TOOBIN: The tutor, Ken Littleton, a questionable decision. What the judge focused on so much in this opinion is that he should have put more of the blame on Thomas Skakel, Michael's brother. That's a strategic choice. That's not usually a basis for a new trial. Will it stand? Probably it will stand. I think Michael Skakel will get out on bail shortly. And you know, I just don't see how you can retry this case at this point, 1975. It is simply too long ago to bring witnesses back and ask them what they remember.

CUOMO: Why isn't that in favor of the appellate, maybe Supreme Court in Connecticut saying no, you don't get a re-trial? Ineffective counsel could have been brought all along, it wasn't. We believe there is enough fact there. Retrying it is a huge prejudice. We're not going to allow it.

TOOBIN: Well, it is certainly possible that the Connecticut Supreme Court will reinstate the conviction, but this is a very detailed decision. I have to say, the judge obviously put a tremendous amount of energy into it. Under the subtext of this opinion is not about ineffectiveness of counsel. If you read it he thinks that Michael Skakel is innocent. If the judges up the chain believe that, I think it will stand.

CUOMO: Vito Colucci, you worked this case. You know it top to bottom. You'll probably be involved now. Do you believe that there is a solid basis of argument to say that Michael Skakel did not commit this crime? Not just that it was about Mickey Sherman, his lawyer, he didn't do it. Do you believe that?

COLUCCI: I believe it with all my heart, you know, Chris. In a cop's life, private detective's life, there's always that one case that you look back on as years go by and you say, that case didn't go right. That should have had a different ending. This was always that case for me, Chris. But now we stopped it as of yesterday.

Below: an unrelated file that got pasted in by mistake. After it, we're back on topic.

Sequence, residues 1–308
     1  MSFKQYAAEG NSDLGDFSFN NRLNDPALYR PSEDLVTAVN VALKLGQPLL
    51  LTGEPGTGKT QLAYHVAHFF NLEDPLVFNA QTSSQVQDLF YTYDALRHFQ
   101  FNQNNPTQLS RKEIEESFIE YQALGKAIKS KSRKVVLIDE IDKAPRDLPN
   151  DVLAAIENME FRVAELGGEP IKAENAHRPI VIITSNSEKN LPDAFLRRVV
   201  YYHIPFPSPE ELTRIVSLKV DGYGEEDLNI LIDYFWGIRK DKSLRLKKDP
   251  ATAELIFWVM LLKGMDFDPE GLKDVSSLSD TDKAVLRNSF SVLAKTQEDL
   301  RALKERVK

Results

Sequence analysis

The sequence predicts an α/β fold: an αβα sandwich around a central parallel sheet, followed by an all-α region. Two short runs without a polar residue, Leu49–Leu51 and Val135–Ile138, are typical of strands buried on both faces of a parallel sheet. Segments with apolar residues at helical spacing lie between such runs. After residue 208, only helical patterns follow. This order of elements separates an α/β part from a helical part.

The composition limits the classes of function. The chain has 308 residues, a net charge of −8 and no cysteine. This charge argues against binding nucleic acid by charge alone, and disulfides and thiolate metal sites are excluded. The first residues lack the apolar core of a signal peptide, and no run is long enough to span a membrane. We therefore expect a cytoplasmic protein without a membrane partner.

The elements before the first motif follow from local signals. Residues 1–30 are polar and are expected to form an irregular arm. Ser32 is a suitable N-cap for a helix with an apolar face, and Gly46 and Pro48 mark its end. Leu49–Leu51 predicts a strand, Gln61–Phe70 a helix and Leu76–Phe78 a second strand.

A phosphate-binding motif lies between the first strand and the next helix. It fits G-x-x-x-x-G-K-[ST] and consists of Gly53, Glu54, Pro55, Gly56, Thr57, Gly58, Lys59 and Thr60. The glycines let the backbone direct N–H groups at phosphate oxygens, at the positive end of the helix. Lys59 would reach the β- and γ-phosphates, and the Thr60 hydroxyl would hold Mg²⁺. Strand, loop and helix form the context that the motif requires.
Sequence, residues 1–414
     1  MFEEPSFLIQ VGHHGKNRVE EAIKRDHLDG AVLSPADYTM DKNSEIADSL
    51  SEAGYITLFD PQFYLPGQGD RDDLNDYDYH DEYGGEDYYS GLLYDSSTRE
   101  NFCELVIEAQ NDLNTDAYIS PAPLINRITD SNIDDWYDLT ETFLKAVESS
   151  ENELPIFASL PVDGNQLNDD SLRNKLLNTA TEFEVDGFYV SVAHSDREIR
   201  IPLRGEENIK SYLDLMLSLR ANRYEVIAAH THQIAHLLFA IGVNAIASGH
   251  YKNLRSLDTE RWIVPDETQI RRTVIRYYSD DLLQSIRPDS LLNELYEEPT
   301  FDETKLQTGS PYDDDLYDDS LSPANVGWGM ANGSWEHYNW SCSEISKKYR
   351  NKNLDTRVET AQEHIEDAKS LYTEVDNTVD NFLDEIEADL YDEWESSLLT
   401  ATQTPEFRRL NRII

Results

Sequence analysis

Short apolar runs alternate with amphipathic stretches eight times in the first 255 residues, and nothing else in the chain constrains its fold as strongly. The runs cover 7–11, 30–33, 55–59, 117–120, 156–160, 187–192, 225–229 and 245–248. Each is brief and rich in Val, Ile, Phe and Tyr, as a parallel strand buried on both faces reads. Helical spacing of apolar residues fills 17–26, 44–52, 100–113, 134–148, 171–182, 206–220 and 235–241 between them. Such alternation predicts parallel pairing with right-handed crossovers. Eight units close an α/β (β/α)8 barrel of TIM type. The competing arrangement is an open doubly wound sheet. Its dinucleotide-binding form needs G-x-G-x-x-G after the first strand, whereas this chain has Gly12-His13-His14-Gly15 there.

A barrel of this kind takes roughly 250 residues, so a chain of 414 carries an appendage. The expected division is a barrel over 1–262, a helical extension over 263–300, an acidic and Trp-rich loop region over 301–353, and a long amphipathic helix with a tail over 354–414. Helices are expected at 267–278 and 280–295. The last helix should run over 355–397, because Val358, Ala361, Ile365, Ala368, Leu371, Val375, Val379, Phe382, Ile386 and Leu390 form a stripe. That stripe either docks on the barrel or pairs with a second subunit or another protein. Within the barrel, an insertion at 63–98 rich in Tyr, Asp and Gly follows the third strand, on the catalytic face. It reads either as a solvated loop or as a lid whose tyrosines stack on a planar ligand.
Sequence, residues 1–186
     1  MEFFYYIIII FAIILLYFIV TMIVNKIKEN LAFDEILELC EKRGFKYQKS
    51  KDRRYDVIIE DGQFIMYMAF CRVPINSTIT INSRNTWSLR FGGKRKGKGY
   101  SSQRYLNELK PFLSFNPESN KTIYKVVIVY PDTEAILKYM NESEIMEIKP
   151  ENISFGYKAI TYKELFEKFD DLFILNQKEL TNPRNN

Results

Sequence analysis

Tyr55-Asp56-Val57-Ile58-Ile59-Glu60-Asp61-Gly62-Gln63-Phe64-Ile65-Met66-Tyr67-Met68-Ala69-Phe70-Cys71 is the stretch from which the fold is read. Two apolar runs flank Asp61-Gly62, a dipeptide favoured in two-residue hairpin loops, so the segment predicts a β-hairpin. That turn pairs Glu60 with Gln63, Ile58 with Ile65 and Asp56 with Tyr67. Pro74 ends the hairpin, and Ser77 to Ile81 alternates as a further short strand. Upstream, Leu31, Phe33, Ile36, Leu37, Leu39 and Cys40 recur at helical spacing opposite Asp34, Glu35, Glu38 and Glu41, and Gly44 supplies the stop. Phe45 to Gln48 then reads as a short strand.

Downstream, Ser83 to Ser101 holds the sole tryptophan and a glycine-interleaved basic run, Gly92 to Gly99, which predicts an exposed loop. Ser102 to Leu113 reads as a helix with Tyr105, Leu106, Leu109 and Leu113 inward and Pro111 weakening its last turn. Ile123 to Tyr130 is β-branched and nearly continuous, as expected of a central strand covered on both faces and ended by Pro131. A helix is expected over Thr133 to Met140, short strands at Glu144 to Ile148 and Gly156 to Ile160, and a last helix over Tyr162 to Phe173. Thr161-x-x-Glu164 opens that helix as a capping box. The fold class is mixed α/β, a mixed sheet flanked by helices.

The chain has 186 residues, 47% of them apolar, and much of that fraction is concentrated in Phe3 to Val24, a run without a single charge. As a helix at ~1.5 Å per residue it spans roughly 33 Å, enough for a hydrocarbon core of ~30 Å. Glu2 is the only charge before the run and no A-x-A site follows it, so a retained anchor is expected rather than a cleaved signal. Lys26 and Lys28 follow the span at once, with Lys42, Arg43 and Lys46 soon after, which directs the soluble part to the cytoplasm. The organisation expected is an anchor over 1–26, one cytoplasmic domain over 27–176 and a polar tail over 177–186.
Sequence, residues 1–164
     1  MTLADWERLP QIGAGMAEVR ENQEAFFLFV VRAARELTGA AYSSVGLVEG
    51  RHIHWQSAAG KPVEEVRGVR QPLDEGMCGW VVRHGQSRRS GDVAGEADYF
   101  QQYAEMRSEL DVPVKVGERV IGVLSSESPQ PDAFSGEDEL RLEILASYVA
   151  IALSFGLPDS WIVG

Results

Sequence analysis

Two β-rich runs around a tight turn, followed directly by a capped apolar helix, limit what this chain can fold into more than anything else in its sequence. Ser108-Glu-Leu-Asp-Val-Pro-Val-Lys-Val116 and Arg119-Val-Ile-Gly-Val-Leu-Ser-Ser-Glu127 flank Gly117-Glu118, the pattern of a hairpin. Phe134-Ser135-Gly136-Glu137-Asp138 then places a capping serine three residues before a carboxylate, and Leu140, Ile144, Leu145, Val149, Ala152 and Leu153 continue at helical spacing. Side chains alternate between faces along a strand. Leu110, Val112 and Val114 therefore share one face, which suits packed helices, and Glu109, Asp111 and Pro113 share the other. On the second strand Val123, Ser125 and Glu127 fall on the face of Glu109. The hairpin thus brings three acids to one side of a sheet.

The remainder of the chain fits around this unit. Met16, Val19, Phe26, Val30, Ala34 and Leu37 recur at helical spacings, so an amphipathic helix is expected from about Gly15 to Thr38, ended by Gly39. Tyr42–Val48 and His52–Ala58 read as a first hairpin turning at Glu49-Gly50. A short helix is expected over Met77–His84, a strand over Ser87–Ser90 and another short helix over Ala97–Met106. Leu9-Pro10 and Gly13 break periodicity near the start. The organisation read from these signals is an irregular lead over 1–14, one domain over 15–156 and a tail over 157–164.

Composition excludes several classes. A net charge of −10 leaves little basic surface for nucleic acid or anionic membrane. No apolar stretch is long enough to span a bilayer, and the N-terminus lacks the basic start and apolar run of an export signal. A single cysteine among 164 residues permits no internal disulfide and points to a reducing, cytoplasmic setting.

TOOBIN: Can I jump in and ask Vito a question. Do you think Tommy did it? That's very much what the judge seemed to imply. Do you think he did it? Do you think Thomas Skakel killed Martha Moxley?

COLUCCI: Well, Jeff, I'm not going to answer that one right now. I'm going to let it play its course. We have a lot of evidence beginning into this new trial, which I don't believe they'll have a new trial. But if they do, we have stuff. We have the Rochester, New York police officers that would have totally discredited Greg Coleman. OK, totally and they were not brought in. There were many people like that that I want brought into this trial and they never were brought in.

TOOBIN: So if Michael Skakel didn't do it, who did?

CUOMO: That's the question.